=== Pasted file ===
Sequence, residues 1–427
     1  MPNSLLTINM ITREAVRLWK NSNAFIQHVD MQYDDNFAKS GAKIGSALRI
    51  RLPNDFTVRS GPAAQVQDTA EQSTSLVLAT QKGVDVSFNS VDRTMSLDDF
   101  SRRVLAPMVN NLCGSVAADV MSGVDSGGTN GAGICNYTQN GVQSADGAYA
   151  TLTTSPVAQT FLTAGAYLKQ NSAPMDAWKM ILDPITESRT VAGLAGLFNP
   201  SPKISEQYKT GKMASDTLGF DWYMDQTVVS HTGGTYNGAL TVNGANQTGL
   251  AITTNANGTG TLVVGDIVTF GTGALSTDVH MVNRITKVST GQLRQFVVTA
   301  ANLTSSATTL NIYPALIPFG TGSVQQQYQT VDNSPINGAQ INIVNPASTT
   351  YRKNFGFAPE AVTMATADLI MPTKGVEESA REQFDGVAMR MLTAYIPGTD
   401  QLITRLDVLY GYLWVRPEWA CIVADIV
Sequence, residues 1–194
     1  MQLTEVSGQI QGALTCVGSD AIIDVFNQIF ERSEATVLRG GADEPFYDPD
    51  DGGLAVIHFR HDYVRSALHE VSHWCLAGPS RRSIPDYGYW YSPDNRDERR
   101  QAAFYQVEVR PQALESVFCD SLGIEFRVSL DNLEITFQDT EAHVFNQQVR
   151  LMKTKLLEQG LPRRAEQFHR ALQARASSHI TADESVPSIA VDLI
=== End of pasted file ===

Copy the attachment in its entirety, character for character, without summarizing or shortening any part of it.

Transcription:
Sequence, residues 1–427
     1  MPNSLLTINM ITREAVRLWK NSNAFIQHVD MQYDDNFAKS GAKIGSALRI
    51  RLPNDFTVRS GPAAQVQDTA EQSTSLVLAT QKGVDVSFNS VDRTMSLDDF
   101  SRRVLAPMVN NLCGSVAADV MSGVDSGGTN GAGICNYTQN GVQSADGAYA
   151  TLTTSPVAQT FLTAGAYLKQ NSAPMDAWKM ILDPITESRT VAGLAGLFNP
   201  SPKISEQYKT GKMASDTLGF DWYMDQTVVS HTGGTYNGAL TVNGANQTGL
   251  AITTNANGTG TLVVGDIVTF GTGALSTDVH MVNRITKVST GQLRQFVVTA
   301  ANLTSSATTL NIYPALIPFG TGSVQQQYQT VDNSPINGAQ INIVNPASTT
   351  YRKNFGFAPE AVTMATADLI MPTKGVEESA REQFDGVAMR MLTAYIPGTD
   401  QLITRLDVLY GYLWVRPEWA CIVADIV
Sequence, residues 1–194
     1  MQLTEVSGQI QGALTCVGSD AIIDVFNQIF ERSEATVLRG GADEPFYDPD
    51  DGGLAVIHFR HDYVRSALHE VSHWCLAGPS RRSIPDYGYW YSPDNRDERR
   101  QAAFYQVEVR PQALESVFCD SLGIEFRVSL DNLEITFQDT EAHVFNQQVR
   151  LMKTKLLEQG LPRRAEQFHR ALQARASSHI TADESVPSIA VDLI